She introduced the morning’s speakers, including Lane Hirabayashi, the UCLA George and Sakaye Aratani Professor of the Japanese American Redress, Internment and Community, and chair of the Department of Asian American Studies. Hirabayashi relayed the story of his father, Jim, who was denied admission to Washington State University because the school’s “quota” of Japanese American students had been filled.

Hirabayashi’s uncle, Gordon, is well-known throughout the Japanese American community for his efforts to fight the U.S. Government’s curfew and mass incarceration orders. Gordon served time in federal penitentiaries but insisted on working toward his bachelor’s degree, a feat that took nine years.

Representing current UCLA students was Edward Kobayashi, President of the UCLA Nikkei Student Union, who said he was grateful for the privilege of joining the honorees in the Class of 2010.

“For students of my generation, internment is a concept that is difficult to grasp, much less understand,” he said. “That is why I believe that this ceremony, along with all the other honorary degree ceremonies across California, has particular significance to the younger generation.”

“Today, we enjoy living in a diverse society, where most people of different ethnicities and sexual orientations are accepted and treated with respect. This is the privilege that exists today as a result of the foundations that previous generations have laid for us, and the struggles they have overcome.”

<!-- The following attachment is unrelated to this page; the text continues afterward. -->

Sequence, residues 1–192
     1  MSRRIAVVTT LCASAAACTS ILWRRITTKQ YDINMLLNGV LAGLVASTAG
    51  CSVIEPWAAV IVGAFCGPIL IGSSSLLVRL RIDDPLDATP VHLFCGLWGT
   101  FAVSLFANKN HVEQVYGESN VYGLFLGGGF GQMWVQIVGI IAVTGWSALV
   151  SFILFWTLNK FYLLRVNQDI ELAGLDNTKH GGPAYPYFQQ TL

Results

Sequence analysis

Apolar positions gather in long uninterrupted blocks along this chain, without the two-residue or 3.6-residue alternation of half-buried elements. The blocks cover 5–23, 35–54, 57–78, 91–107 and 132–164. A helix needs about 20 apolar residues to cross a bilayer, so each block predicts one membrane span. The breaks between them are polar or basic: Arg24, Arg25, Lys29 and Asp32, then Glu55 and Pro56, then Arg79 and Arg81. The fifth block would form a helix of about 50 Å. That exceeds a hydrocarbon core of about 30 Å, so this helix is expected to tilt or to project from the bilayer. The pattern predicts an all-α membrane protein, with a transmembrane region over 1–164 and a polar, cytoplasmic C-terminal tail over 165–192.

Fumio Robert Naka, who was selected to give the honoree address, traveled from his home in Concord, Massachusetts to attend the ceremony. Naka left UCLA as a sophomore but managed to obtain electrical engineering degrees from the University of Missouri (B.S. ’45), the University of Minnesota (M.S. ’47) and Harvard University (Ph.D. ’51). Naka went on to have an illustrious career as one of the nation’s foremost engineers, and his work on the U2 and Oxcart aircraft was the precursor to stealth technology.

“‘To restore justice among the groves of academia,’ that is quite an admission of the difficult times we faced under presidential decree in the spring of 1942,” Naka said. “The U.S. Government had dug a great, big hole into which we were thrust, and out of which we had to climb to make our way.”

The honorary degrees would not have existed had it not been for the efforts of the keynote speaker, California Assemblyman Warren Furutani (D-Long Beach), who wrote the legislative bill that made it possible to confer degrees upon those who were forced to leave postsecondary studies as a result of Executive Order 9066.